Impact on television

In 2007, TIME magazine put The Mary Tyler Moore Show on its list of "17 Shows That Changed TV". TIME stated that the series "liberated TV for adults—of both sexes" by being "a sophisticated show about grownups among other grownups, having grownup conversations".[7] The Associated Press said that the show "took 20 years of pointless, insipid situation comedy and spun it on its heels. [It did this by] pioneer[ing] reality comedy and the establishment of clearly defined and motivated secondary characters."[8]

Tina Fey, creator and lead actress of the 2006-debut sitcom 30 Rock, explained that Moore's show helped inspire 30 Rock's emphasis on office relationships. "Our goal is to try to be like The Mary Tyler Moore Show, where it's not about doing the news," said Fey.[9] Entertainment Weekly also noted that the main characters of 30 Rock mirror those of The Mary Tyler Moore Show.[10]

When the writers of the sitcom Friends were about to create their series finale, they watched several other sitcom finales.[11] Co-creator Marta Kauffman said that the last episode of The Mary Tyler Moore Show was the "gold standard" and that it influenced the finale of Friends.[12]

In popular culture

The show has remained popular since the final episode was broadcast in 1977. Several songs, films and other television programs, including The Simpsons, reference or parody characters and events from the show, including the memorable "...can turn the world on with her smile" line from the title song. Parodies were done on shows such as Saturday Night Live, MadTV, and Mystery Science Theater 3000 (which was produced in Minneapolis). Barbara Kessler and Relient K are two artists who have referred to the show in their songs. The show has been mentioned in film as well, such as in Romy & Michele's High School Reunion, when the characters argue with each other while exclaiming "I'm the Mary and you're the Rhoda." Frank DeCaro of The New York Times wrote that this was the highlight of the film.[13]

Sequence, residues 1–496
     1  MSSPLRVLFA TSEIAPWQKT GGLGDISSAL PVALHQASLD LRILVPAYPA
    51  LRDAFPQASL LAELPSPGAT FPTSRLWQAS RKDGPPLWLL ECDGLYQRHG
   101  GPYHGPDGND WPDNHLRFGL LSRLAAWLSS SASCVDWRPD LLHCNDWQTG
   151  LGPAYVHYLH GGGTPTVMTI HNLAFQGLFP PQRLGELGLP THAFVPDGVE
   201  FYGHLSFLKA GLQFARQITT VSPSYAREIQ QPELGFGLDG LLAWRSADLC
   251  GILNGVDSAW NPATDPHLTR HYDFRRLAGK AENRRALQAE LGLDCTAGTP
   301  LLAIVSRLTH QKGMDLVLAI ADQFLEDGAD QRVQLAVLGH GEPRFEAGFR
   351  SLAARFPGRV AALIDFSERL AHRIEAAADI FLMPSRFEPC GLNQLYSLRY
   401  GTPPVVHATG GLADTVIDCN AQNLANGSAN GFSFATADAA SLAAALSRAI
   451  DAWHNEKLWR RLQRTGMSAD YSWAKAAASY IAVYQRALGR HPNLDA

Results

The show's Emmy winning final episode has been alluded to many times in other series' closing episodes, such as the finale of St. Elsewhere (including the group shuffle to the tissue box), Mystery Science Theater 3000 and Just Shoot Me!.


Final episode, 1977

When Moore was first approached about the show, she "was unsure and unwilling to commit, fearing any new role might suffer in comparison with her Laura Petrie character in The Dick Van Dyke Show, which also aired on CBS, and was already cemented as one of the most popular parts in TV history".[14] Moore's character was initially intended to be a divorcée, but as divorce was still controversial at the time, and CBS was afraid viewers might think that Mary had divorced Rob Petrie, Laura's husband on The Dick Van Dyke Show, the premise was changed to that of a single woman with a recently broken engagement.[15] Notably, Van Dyke never guest starred in any episode, although his brother Jerry Van Dyke guest-starred in a couple episodes during the third and fourth seasons. (He had also regularly appeared on The Dick Van Dyke Show.)